In late autumn, Parliament expresses its opinion on the ongoing European Semester cycle (including the country-specific recommendations adopted by the Council), also taking into account the outcome of a joint meeting with representatives of the competent committees of national parliaments.

Under the MIP, the Commission cooperates with Parliament and the Council in defining the set of macroeconomic indicators to be included in the scoreboard used for monitoring possible macroeconomic imbalances in the Member States. In February 2020, the Commission launched a review of the EU economic governance framework, including an evaluation of the effectiveness of the MIP regulations and the progress made towards closer coordination of economic policies and towards continued convergence of the economic performances of the Member States.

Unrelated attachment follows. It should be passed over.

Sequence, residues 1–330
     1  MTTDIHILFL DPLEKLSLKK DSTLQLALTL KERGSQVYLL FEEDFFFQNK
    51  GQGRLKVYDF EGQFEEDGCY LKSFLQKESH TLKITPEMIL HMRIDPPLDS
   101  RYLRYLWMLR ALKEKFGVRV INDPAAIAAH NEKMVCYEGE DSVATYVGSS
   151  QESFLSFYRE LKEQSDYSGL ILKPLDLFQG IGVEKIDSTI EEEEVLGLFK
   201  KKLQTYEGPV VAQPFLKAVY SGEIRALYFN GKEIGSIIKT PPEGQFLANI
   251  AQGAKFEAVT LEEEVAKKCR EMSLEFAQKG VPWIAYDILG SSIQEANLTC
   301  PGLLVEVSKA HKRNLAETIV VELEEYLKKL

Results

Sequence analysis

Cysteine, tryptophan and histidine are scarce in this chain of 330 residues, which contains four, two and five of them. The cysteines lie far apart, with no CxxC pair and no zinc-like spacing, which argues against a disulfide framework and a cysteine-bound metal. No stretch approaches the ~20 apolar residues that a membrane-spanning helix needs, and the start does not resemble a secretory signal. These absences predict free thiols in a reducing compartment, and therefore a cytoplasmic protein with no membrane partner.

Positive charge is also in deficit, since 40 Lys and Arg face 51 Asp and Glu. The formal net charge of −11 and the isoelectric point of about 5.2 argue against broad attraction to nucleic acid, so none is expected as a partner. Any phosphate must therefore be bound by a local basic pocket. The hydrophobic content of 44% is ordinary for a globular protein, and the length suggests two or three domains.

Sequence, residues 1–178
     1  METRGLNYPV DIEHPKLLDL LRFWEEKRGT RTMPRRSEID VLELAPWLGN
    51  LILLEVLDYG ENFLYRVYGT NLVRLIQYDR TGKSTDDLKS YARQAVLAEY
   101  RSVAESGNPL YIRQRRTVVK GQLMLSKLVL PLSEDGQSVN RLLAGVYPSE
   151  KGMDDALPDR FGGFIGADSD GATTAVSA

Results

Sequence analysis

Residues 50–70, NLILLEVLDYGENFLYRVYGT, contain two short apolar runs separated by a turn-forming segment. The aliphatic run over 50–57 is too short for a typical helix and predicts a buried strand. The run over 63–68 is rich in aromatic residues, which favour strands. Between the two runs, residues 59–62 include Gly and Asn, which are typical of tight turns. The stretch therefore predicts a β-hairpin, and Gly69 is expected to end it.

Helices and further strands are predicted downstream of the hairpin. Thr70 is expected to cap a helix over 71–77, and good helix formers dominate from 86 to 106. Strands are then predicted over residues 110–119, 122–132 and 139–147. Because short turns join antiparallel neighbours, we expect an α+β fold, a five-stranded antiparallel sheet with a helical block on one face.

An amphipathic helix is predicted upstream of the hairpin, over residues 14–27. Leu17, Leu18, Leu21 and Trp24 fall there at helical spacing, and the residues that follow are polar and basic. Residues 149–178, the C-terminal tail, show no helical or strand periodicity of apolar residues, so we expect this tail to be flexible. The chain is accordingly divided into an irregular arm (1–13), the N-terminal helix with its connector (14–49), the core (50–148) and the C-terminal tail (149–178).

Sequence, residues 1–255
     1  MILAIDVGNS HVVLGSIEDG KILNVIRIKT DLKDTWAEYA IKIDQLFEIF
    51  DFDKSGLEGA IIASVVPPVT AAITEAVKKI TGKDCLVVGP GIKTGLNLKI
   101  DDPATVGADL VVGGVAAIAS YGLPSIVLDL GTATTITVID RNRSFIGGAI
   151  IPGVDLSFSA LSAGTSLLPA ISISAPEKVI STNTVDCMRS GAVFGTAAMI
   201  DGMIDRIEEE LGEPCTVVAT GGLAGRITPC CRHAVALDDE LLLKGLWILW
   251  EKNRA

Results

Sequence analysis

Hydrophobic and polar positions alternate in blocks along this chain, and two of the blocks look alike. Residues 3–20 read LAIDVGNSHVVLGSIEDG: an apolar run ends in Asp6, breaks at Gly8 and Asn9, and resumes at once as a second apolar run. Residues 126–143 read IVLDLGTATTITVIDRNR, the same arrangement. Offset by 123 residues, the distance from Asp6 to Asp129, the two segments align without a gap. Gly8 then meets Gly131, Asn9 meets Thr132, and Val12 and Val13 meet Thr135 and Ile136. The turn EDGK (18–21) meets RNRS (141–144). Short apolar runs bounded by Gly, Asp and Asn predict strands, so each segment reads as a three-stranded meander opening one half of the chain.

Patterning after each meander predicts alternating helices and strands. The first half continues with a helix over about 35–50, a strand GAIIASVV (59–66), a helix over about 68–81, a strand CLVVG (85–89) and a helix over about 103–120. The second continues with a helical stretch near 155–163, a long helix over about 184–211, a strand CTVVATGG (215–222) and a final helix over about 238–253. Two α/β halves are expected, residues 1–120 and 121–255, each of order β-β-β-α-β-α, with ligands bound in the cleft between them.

Parliament promotes the involvement of national parliaments through annual meetings with members of the relevant committees of those parliaments. Furthermore, and in line with the legal and political arrangements of each Member State, the national parliaments should be duly involved in the European Semester and in the preparation of stability programmes, convergence programmes and national reform programmes, in order to increase the transparency and ownership of, and accountability for, the decisions taken.


Alice Zoppè